Poop, it’s a delicate topic and it’s one of those things that we’re often reluctant to discuss in the company of strangers. But a new baby is welcomed into the family; we suddenly lose all inhibition when it comes to discussing poop. Much to our surprise, we find ourselves in deep conversations with complete strangers about the current color and texture of our baby’s poop.
It is an important topic for all new parents because you can learn a lot about your baby’s digestive health just from looking at and smelling his poop. Up until the time your baby starts eating solid foods, her poops will be fairly regular (even if she only poops a few times a week) and uniform in appearance, texture, and smell. Breastfed babies often have poop that is naturally a bit runny or grainy with a smell that some say is sweet. You may have heard that the breastfed baby has poop that resembles a runny egg or looks like runny cottage cheese.
The color is often a slight greenish or pale yellow color. Formula fed babies typically have stronger smelling, thicker poop that may be gray to tan color. Whether you are breastfeeding or formula feeding, your baby’s poop will go through some dramatic changes once solid foods are introduced. Breastfed babies seem to have the biggest changes with smell being the most notable, while formula fed babies may have more subtle changes.
The Color of Poop
Baby’s poop not only changes in composition and fragrance, it often changes in color as well. The vast majority of these changes in color are benign changes and are due to the new solid foods that baby is being fed. Here’s a small rundown of the possible changes in color and the foods that may contribute to them:
Grey Poop: Blueberries – poop may turn a greyish color and may have small “flecks”. These flecks are most likely from blueberry skins.
“Worms” in Tan Poop: Blame it on the Bananas – poop may turn a dark tan-ish color and also have flecks in it. Some parents describe these flecks as “worms”. These little scary looking things in baby’s poop are really harmless. Have a really good look at a banana the next time you peel and mash it; do you see the little flecks of black/brown? Those little flecks are the long fibrous seed strings of the bananas.
Orange Bits or “Swirls”: Blame it on the Carrots – carrots may not affect a total color change; they may pass just as they went in! This can happen if you have made carrots a bit more chunky and/or thick but there is no cause for alarm. The next time you make carrots for your baby, try mashing or pureeing them to a smoother texture.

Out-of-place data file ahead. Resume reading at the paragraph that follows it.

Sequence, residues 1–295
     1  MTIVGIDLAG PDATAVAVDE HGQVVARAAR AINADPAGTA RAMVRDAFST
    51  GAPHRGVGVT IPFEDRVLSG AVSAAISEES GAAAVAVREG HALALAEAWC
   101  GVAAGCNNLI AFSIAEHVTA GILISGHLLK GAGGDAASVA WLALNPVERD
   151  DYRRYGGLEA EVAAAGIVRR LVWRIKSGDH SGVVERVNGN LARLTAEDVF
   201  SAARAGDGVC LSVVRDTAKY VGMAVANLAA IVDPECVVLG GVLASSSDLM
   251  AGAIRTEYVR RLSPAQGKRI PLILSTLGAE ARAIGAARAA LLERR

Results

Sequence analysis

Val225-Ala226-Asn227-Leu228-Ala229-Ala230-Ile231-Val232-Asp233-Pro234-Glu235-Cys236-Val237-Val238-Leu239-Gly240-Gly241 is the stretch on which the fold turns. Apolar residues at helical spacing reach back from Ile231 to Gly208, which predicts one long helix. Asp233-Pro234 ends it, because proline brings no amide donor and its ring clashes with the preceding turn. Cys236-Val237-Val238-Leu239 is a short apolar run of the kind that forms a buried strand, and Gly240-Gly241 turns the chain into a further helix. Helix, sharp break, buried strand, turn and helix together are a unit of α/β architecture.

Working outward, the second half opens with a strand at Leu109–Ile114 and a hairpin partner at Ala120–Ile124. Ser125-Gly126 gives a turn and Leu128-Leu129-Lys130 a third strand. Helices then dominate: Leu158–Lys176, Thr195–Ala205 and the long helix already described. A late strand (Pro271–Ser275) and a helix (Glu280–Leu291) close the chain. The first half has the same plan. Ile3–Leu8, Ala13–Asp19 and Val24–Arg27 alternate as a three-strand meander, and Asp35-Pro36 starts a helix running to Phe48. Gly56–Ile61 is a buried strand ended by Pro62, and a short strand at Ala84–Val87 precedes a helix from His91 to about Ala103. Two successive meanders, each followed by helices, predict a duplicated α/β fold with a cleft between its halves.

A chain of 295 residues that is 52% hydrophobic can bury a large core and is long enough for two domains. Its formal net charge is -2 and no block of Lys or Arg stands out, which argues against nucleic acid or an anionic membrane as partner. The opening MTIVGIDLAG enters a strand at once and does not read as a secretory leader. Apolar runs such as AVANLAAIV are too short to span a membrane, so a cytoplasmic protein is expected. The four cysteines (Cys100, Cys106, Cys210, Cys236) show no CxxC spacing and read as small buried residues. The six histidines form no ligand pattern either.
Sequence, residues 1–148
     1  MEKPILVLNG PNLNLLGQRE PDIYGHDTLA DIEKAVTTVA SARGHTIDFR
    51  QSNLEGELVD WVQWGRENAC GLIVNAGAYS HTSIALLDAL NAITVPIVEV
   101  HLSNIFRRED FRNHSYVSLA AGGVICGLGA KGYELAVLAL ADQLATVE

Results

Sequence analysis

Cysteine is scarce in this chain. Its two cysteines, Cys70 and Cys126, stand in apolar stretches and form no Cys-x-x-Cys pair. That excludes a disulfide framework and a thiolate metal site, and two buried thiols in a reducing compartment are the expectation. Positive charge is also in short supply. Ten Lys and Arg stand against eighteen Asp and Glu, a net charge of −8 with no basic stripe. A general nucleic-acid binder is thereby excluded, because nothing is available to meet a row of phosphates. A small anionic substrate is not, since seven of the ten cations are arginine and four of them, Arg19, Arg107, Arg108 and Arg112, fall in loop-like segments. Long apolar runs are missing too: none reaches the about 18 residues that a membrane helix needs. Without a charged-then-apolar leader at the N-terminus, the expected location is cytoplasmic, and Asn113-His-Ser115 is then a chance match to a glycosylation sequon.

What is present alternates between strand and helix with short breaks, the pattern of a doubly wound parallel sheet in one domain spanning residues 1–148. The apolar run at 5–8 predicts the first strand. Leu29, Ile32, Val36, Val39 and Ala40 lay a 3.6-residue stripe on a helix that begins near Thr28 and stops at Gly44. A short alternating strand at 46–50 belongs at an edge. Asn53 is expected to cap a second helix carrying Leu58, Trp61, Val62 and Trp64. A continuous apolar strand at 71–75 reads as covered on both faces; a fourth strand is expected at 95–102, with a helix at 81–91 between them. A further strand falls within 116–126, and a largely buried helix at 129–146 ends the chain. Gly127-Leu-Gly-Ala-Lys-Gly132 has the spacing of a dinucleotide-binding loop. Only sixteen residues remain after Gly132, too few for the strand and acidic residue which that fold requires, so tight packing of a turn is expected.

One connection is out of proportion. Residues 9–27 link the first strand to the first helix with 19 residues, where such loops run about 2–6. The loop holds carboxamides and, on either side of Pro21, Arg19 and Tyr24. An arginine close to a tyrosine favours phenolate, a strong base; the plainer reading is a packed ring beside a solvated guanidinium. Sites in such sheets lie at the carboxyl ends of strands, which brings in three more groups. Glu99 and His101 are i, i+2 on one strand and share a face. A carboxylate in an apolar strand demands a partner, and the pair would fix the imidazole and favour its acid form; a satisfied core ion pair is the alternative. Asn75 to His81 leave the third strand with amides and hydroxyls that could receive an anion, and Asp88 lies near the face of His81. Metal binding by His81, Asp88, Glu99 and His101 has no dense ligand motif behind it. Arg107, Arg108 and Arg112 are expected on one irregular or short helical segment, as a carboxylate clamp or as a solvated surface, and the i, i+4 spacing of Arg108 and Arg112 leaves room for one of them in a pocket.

Green Poop: Veggies – sometimes babies can have greenish poop that is a result of eating green veggies. Iron supplements may also cause poop to turn a bit dark green. If food is passing through the intestines too quickly, green poop can result. Bile is what causes poop to be brown but if the food is going straight through, then bile never gets a chance to works it color magic . This is usually benign however if this is a common occurrence, you should consult your pediatrician. Greenish poop could also be a sign of trouble; dairy intolerance, an intestinal virus, or Crohn’s disease could be the cause.
Red/Pink Poop: Red Foods – it is possible that some red foods like beets, could cause baby’s poop to turn a rosy reddish color. However, if you see streaks of red this could be blood and you should call your doctor immediately! See below for more information regarding red streaks.
There are some color changes in poop that are not benign and you should contact baby’s pediatrician straight away if you see them.
White poop: White poop is not caused from foods so please be sure to contact your pediatrician if your baby begins to have white poop.
Black Poop: I have never heard of nor do I know of any foods that turn poop black. Iron however, may turn poop a dark green, almost black color. Black poop that is tarry may be a sign of intestinal issues so it is important to have a pop talk with your pediatrician!
Red-Blood Streaked Poop: If baby has reddish or rust colored streaks in his poops, this could be a sign of a possible medical problem with either the bowels or the intestines. Blood on, but not throughout, poop could be caused from a tear in the anus. A tear may occur if your baby has had a particularly hard or large bowel movement. If you ever see streaks of red, there might be blood in baby’s poop and you should call your doctor immediately! Streaks of red blood will be unmistakable; you will see lines of red blood in the poop.
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